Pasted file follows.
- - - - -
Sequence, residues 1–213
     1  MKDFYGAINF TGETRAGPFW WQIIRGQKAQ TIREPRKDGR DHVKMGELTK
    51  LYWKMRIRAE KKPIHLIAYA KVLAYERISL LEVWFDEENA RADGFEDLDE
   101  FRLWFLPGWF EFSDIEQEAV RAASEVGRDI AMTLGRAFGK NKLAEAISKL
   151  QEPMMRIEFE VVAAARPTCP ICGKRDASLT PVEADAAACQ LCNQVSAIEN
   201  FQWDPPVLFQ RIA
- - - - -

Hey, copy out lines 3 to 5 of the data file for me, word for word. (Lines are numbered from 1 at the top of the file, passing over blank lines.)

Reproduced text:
    51  LYWKMRIRAE KKPIHLIAYA KVLAYERISL LEVWFDEENA RADGFEDLDE
   101  FRLWFLPGWF EFSDIEQEAV RAASEVGRDI AMTLGRAFGK NKLAEAISKL
   151  QEPMMRIEFE VVAAARPTCP ICGKRDASLT PVEADAAACQ LCNQVSAIEN